Wednesday, March 24, 2010

Warning: This Post Contains a Serious Pillow

Don't say I didn't warn you.

Méfiez-vous de la contrefaçon! pillow
reverse of minouette pillow

This pillow features my "Méfiez-vous de la contrefaçon!" block print in gold and turquoise on grey cotton (a re-purposed men's shirt). The front also features two contemporary print fabrics in creams and teals. The reverse has a rustic, hand-woven Nepalese fabric with a stripe of funky turquoise faux-bois and subtle silver-on-violet block printed minouette label.

Méfiez-vous de la contrefaçon! pillow detail
cat toes on pillowside of Méfiez-vous pillowsubtle tentacles on violet
Méfiez-vous de la contrefaçon! sideways

Dramatic light curtesy of skylights, living at 43°42′59.72″N and needing to get to work this morning.

Ada Lovelace Day 2010 Profile: Ursula Franklin

Princess of Parallelograms Today is the second annual international day of blogging to celebrate the achievements of women in technology and science, Ada Lovelace Day 2010 (ALD10). I'm sure you'll all recall, Ada, brilliant proto-software engineer, daughter of absentee father, the mad, bad, and dangerous to know, Lord Byron, she was able to describe and conceptualize software for Charles Babbage's computing engine, before the concepts of software, hardware, or even Babbage's own machine existed! She foresaw that computers would be useful for more than mere number-crunching. For this she is rightly recognized as visionary - at least by those of us who know who she was. She figured out how to compute Bernouilli numbers with a Babbage analytical engine. Tragically, she died at only 36. Today, in Ada's name, people around the world are blogging about women in science and technology, whose accomplishments have all too often gone unrecognized or unacknowledged.

So I thought I'd tell you about of one my heroes, Ursula Franklin. I've heard her speak on more than one occasion and had the honour meeting Franklin. When I was an undergraduate in physics there were a grand total of zero female physics professors at this University, but Ursula Franklin was trained as a physicist and was working in metallurgy and material science, and had U of T's highest rank, a full University Professor, the first woman named to that post. Further she was not only a strong, fearless, advocate for women in science, but one of the more impressive individuals I've ever met. Her influence as a roll model of women in physics and engineering here cannot be overstated. I thought she was an apt choice to profile as beyond the importance and depth of her own scientific and technological output, she has been an influential writer on the politics and social impact of technology itself.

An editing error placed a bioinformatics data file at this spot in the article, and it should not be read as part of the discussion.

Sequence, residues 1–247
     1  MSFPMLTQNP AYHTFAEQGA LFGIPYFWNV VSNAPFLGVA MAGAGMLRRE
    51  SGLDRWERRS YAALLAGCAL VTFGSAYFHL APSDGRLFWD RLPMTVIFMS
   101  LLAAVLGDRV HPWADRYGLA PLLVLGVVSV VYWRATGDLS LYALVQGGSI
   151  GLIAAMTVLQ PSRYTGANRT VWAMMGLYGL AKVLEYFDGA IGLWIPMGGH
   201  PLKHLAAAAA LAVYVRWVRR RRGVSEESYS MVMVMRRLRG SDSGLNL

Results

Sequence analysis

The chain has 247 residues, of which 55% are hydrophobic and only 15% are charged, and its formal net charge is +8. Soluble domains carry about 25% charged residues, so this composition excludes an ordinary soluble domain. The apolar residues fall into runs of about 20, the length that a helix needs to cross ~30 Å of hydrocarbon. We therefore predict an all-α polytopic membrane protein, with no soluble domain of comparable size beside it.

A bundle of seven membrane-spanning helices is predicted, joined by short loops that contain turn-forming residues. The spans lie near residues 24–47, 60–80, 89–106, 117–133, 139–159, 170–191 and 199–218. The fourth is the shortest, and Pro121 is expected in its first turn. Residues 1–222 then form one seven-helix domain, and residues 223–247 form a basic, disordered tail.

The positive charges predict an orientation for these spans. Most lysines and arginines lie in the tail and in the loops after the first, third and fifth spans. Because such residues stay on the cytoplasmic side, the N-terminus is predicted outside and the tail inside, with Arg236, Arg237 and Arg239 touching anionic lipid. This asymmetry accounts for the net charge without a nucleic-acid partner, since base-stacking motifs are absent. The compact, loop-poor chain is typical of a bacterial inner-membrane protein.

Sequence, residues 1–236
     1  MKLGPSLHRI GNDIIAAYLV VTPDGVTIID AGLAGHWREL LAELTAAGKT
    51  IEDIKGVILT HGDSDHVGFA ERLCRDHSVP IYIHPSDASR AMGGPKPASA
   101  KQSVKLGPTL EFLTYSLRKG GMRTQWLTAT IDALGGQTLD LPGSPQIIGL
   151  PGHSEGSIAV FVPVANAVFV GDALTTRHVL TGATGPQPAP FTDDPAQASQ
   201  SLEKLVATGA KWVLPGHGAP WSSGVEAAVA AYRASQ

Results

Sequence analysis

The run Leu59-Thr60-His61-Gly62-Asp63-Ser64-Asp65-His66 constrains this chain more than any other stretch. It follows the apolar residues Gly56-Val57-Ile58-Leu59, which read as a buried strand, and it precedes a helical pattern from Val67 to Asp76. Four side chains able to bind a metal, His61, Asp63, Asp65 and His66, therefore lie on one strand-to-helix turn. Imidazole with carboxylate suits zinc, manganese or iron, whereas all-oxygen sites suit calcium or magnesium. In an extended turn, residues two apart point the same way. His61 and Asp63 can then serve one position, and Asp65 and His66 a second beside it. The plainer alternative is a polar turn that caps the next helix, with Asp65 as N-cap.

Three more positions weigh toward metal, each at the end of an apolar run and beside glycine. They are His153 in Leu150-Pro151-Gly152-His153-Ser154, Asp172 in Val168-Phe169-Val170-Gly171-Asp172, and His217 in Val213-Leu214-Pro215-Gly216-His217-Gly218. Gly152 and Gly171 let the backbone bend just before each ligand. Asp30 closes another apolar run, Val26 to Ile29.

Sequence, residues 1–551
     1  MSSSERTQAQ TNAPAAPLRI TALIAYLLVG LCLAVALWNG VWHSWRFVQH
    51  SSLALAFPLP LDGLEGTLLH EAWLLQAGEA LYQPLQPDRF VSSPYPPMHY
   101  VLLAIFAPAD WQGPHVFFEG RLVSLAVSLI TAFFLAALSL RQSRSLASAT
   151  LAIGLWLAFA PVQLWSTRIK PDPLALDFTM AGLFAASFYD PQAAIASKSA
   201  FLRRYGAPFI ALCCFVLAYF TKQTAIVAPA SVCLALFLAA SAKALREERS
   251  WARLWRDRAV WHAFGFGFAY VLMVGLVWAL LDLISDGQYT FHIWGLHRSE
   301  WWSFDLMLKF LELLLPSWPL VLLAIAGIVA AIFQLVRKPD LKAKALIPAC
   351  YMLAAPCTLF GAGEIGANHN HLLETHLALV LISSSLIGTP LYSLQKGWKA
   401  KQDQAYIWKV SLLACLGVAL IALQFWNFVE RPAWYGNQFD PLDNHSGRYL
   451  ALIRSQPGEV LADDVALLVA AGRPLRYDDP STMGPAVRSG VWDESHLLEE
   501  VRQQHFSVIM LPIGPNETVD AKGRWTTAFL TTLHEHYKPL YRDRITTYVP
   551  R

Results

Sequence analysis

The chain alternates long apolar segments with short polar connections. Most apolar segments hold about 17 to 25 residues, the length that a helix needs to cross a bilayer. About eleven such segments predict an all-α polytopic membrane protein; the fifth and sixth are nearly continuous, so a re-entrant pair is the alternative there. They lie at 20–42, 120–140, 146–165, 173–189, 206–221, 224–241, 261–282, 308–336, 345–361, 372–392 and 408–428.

Franklin was born in Munich in 1921 and survived being interned by the Nazis. She received her PhD in physics from the Technical University of Berlin in 1948 and immigrated to Canada, where after a post-doc at U of T, she joined the faculty. She pioneered archeometry - the use of modern materials analysis in archeology, dating prehistoric artifacts made of metals and ceramics. Her science was always engaged with societal concerns. During the 60s she advocated for the atmospheric nuclear test ban treaty, citing her studies of strontium-90 radioactive fallout found in children's teeth. During the 70s she was part of the Science Council of Canada investigation of how we could better conserve resources and protect nature. She began to develop her ideas about complexities of modern technological society.

She consistently has stood up for her beliefs in peace and social justice. As a member of the Voice of Women (now called Canadian Voice of Women for Peace), she tried to persuade Parliament to disengage Canada from supplying any weapons to the US during the Vietnam war, to shift funding from weapons research to preventative medicin, to withdraw from NATO and disarm. She later fought to allow conscientious objectors to redirect part of their income taxes from military uses to peaceful purposes (though the Supreme Court declined to hear the associated case). She joined other retired female faculty in a class action law suit against the University of Toronto for claiming it had been unjustly enriched by paying women faculty less than comparably qualified men. The University settled in 2002 and acknowledged that there had been gender barriers and pay discrimination.

As an applied scientist, her writtings on technology benefit from the insight of an insider, but her priorities are justice and peace and she critiques and analyses technology in this light. She does not view technology as neutral; it is a comprehensive system that includes methods, procedures, organization, "and most of all, a mindset". It can be work-related or control-related, holistic and prescriptive. Franklin argues that the dominance of prescriptive technologies in modern society discourages critical thinking and promotes "a culture of compliance". She has investigated the relationship between technology and power. She has investigated how we interact with communication technologies and advocated for the right to silence.